Around six years ago, there was a rather lovely tequila bar just outside my then office. We liked this bar a great deal, because it was almost always empty and it became the focal point for gossip, intrigue and after-work drinks.
When, inevitably, it closed, I felt a sense of loss mixed with the knowledge that this could only be a good thing for my bank balance, my waistline and my liver.
I have a similar relationship with Twitter. Yes, I use it to discover any number of fascinating academic studies, interesting anecdotes and thoughtful people. But do I sometimes think it would be better for my productivity and good health if the social media platform were to be closed? Yes again.
I suspect many journalists feel the same way, which is why Twitter attracts an outsized amount of media commentary.
Unlike TikTok, or a slew of spaces used for gaming and esports, it is not host to a large number of young people. In terms of facilitating global communications, WhatsApp by itself, let alone the rest of the properties in the Meta empire, leaves Twitter in the shade. As a discovery engine, Twitter is more fun but less important globally than Google.
So in terms of its actual impact, does it matter all that much that Elon Musk has announced sweeping changes to Twitter’s terms of service that appear to have more to do with what personally offends him than any reasonable argument about what is and isn’t legitimate speech?
Not really. It’s Musk’s bar and he can do what he likes with it, as much as that makes his previous statements about free speech look ridiculous. The swift emergence of many Twitter-like social media platforms shows that aspects of the site are fairly easy to replicate.
The suspension of Musk’s critics is certainly troubling behaviour from someone who claims to aspire to turn Twitter into an “everything app”. And suggestions that he might attempt to limit the ability of competitors to promote themselves on the platform were similarly alarming for someone who claimed they wanted it to be not only a public sphere but a marketplace in its own right.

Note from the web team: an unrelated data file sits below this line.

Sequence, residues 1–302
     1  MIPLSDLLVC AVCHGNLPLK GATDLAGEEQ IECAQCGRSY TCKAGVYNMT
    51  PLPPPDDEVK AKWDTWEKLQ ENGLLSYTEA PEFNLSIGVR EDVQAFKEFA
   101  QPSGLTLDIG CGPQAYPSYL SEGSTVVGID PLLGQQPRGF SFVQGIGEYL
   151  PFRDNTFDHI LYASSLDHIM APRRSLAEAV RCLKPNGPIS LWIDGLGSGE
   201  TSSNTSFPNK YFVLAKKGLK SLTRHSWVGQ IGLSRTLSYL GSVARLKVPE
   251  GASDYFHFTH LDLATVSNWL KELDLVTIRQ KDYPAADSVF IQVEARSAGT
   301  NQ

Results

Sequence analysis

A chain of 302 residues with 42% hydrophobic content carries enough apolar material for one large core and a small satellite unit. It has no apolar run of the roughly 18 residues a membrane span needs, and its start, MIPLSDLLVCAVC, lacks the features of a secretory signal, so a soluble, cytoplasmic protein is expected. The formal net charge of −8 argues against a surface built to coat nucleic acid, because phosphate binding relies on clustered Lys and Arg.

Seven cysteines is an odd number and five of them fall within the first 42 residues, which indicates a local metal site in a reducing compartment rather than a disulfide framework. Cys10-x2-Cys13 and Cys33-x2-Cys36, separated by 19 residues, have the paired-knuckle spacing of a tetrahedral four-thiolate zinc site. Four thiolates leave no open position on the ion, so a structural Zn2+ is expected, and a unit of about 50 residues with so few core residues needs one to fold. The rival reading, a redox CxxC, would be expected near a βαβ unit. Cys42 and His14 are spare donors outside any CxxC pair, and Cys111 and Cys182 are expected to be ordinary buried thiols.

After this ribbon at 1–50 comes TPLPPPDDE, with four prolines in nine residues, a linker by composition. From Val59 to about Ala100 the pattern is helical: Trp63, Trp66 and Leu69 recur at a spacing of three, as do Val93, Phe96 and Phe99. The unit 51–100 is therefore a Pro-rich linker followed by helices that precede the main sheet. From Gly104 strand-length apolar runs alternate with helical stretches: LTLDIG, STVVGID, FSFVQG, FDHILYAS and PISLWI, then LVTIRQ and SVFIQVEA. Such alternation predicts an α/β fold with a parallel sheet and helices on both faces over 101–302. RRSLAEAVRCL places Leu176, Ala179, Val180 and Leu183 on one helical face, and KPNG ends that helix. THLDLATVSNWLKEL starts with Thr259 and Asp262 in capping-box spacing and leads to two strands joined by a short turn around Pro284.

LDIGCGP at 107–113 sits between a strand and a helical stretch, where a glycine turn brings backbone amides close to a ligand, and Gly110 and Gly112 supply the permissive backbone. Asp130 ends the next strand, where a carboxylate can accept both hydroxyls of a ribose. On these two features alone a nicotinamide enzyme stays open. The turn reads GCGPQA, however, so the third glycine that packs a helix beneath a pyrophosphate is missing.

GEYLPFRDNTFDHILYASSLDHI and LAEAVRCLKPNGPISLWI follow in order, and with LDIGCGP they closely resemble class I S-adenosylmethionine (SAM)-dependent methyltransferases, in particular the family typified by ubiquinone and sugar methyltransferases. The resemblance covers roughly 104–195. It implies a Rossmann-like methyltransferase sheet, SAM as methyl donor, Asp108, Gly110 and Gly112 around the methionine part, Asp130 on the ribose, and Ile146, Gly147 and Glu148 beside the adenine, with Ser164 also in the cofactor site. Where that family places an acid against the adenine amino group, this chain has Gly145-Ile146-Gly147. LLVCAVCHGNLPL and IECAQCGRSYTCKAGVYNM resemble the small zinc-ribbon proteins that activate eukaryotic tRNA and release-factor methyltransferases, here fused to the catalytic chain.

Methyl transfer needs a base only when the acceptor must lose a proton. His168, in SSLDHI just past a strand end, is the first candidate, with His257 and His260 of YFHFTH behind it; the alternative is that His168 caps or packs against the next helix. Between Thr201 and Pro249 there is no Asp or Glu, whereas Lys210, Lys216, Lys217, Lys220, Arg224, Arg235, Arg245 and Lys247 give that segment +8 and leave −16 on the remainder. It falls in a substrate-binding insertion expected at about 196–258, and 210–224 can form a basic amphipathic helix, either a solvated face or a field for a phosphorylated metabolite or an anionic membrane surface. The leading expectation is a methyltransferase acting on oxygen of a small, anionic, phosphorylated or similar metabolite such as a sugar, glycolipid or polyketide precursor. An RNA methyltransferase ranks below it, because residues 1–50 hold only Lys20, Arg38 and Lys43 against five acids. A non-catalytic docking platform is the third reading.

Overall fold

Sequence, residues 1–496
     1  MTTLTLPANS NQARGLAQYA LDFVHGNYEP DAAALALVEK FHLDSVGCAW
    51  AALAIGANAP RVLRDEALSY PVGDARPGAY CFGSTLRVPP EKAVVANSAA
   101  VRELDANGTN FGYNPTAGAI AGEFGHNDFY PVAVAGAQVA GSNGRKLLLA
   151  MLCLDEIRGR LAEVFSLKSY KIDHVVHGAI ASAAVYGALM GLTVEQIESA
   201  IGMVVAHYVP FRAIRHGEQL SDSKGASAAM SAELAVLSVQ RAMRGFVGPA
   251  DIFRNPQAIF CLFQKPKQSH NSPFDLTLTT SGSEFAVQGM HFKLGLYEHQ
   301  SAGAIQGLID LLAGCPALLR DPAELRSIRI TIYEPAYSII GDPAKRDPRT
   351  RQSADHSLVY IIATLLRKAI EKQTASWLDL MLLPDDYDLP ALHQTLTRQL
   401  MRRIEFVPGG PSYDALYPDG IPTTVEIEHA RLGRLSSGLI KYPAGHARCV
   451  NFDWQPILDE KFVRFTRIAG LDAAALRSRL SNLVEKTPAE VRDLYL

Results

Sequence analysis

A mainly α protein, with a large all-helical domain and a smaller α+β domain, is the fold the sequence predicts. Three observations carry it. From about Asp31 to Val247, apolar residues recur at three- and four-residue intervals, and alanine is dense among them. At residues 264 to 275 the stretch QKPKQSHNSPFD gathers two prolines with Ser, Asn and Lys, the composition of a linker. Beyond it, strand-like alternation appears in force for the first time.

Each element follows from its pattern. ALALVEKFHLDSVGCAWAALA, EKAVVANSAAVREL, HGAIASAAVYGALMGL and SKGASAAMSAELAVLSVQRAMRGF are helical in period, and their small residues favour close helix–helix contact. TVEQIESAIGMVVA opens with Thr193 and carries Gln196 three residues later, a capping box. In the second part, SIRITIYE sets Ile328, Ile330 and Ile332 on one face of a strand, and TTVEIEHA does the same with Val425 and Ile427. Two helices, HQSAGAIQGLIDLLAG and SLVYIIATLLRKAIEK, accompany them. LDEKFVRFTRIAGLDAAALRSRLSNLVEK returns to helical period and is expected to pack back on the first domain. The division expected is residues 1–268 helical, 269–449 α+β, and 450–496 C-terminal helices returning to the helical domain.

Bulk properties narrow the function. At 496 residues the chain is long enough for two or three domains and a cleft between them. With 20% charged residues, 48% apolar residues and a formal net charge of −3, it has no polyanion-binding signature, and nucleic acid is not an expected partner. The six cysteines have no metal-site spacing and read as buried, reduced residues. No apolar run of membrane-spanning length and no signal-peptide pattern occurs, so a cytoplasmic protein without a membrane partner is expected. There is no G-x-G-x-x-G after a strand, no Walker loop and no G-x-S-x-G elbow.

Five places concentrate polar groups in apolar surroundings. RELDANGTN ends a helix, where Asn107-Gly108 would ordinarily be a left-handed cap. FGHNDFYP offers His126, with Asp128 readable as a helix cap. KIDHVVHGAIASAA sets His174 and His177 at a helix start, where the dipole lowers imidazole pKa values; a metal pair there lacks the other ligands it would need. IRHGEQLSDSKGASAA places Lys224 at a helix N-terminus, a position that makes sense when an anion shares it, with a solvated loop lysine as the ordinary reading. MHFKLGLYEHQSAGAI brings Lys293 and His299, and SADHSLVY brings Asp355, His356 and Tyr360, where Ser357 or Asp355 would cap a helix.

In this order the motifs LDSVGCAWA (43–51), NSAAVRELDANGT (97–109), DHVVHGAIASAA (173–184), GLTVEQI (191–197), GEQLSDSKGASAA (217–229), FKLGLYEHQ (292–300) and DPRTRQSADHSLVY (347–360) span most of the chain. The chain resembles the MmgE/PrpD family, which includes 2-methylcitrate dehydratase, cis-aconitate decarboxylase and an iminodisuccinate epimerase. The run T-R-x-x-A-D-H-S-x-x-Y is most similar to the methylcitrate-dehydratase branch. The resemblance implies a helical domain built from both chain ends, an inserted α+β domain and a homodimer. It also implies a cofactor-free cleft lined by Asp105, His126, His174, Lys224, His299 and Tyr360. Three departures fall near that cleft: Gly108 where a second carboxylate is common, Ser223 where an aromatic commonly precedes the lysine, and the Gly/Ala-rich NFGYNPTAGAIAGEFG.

But it doesn’t matter all that much if you can’t tweet freely about Musk somewhere where the only service provided is the sending of tweets. It is obviously offensive on free speech grounds but similar conditions are enforced by moderators across different discussion forums.
Just as the owner of a Doctor Who forum might prohibit anyone who claims Star Trek is the better TV show, a Musk-owned subject forum need not be one with the right to criticise Musk. It is only a problem if Twitter becomes the everything app Musk claims to want or the “global public sphere” he has talked of it becoming.
And Musk-like behaviour would matter a great deal more if it were taking place on another social media platform with a larger reach and a more important function.
His actions are, therefore, a useful test case and thought experiment for states: do they have the right tools, and the required level of technical understanding, to regulate not just Twitter but the big and actually globally important social networks?
It would be much more alarming if Google, say, were to deprioritise the ability to search freely available flight data than it is that Musk removed a Twitter account posting publicly available information about his own private plane. And it would be a cause for greater concern if WhatsApp prevented the free sharing of information about potential competitors.
The good news for regulators is that placing hard limits on your competitors’ ability to advertise to your customers is already illegal in the US and the EU if you have a dominant market position. As a stress test of whether they have the right approach and right toolkit, regulators emerge well here.
But do they need to think again about their ability meaningfully to do the same for businesses that originate from elsewhere?
On Twitter, changes to moderation policies are, by design, public. How well placed are regulators to spot changes that happen behind completely closed doors?
Musk’s ownership of Twitter has set the Tesla founder a test he has, thus far, failed. But a much more important test for regulators is how well prepared they are to tackle Musk-like behaviour on genuinely critical bits of the internet.